LONDON (Reuters) - Rich nations need migrant workers to provide and care for their rapidly aging populations, experts said this week, challenging a wave of hostility toward new arrivals driven by the impact of the economic downturn.
Immigration was a recurring theme of a two-day conference at London’s Chatham House on managing graying economies, with speakers from the United States, Europe and Japan all in favor, despite the social tensions it can cause.
In Europe, for one, antipathy toward foreign workers and asylum seekers has grown in the last few years because of their perceived pressure on scarce jobs and public services.
An influx of immigrants from north Africa this year triggered by upheavals in the region has added to the tension and prompted plans to temporarily restore border controls, eliminated between most EU states under the Schengen treaty.
The experts said turning away young migrants would be short-sighted as their taxes support an increasing number of pensioners in developed countries who are living longer.
“You take young migrants who were educated abroad and they are generally net contributors to public finances,” said Philippe Legrain, a senior policy analyst at the European Union’s executive arm.
Fertility rates in the European Union remain too low to secure future pensions for all EU citizens, a European Commission demographics report showed last month.
Such trends, combined with record budget deficits, have already forced governments across Europe to raise retirement ages despite widespread protests, and many countries, including the United States, are eyeing pension reforms.
Without such reforms, by 2060 the number of people in work for every retired person in the EU is expected to drop from the current level of four to just two, a 2010 report by the European Commission found.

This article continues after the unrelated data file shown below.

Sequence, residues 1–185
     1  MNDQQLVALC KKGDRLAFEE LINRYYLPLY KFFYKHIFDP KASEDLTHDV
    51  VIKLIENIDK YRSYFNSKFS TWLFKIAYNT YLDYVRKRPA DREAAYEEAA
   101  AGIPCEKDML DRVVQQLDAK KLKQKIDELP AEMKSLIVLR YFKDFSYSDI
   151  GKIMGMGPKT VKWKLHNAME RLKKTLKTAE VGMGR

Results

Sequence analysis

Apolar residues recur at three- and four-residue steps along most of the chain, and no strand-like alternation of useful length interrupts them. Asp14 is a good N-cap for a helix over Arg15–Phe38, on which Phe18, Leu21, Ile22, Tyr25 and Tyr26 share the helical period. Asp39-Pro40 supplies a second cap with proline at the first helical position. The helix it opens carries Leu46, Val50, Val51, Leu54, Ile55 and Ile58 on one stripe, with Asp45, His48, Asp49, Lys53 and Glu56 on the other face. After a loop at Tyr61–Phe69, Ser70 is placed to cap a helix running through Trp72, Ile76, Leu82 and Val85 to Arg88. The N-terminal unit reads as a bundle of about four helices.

“(A) priority is attracting more migrant workers to improve the dependency ratio, help provide social services and boost economic growth,” Legrain told the conference, entitled “Transforming aging economies.”
Other speakers echoed that view, although some observers impact on economic growth was negligible.
The arrival of migrants from 10 eastern European countries which joined the EU in 2004 and 2007 has boosted Britain’s output by only 0.95 percent, the National Institute of Economic and Social Research, a think-tank, estimated earlier this month.
But Legrain, the author of “Immigrants: Your Country Needs Them,” said demand for migrants would grow because many of them work in health and social care.
“The fastest-growing area of job growth in Europe is not in high tech but in care for the elderly,” he said.
Laszlo Andor, a member of the European Commission, said migrants from outside the EU accounted for the bulk of population growth in the bloc.
“Migration remains an important source to rejuvenate the age profile of the European work force and can help bridge anticipated overall labor shortages in the long run,” he said.
The European Union was expected to lack between 384,000 and 700,000 IT workers by 2015 and between 1 million and 2 million health professionals by 2020. “It is highly unlikely that all these resources would be found within the union,” Andor said.
Nicholas Eberstadt, a political economy researcher at the American Enterprise Institute, noted immigration brought with it difficulties, such as problems integrating into host societies.
“Immigration can be part of the solution but I think a rather limited part of the solution,” he told the conference.
Legrain noted that migrants’ contribution might be limited at first but said it grew over time, citing the examples of Google, EBay, Tesco, EasyJet and Marks and Spencer which were all founded by immigrants or their children.
Referring to the co-founder of Google, he asked: “How many Sergey Brins does Europe turn away and at what cost?”
Editing by Philippa Fletcher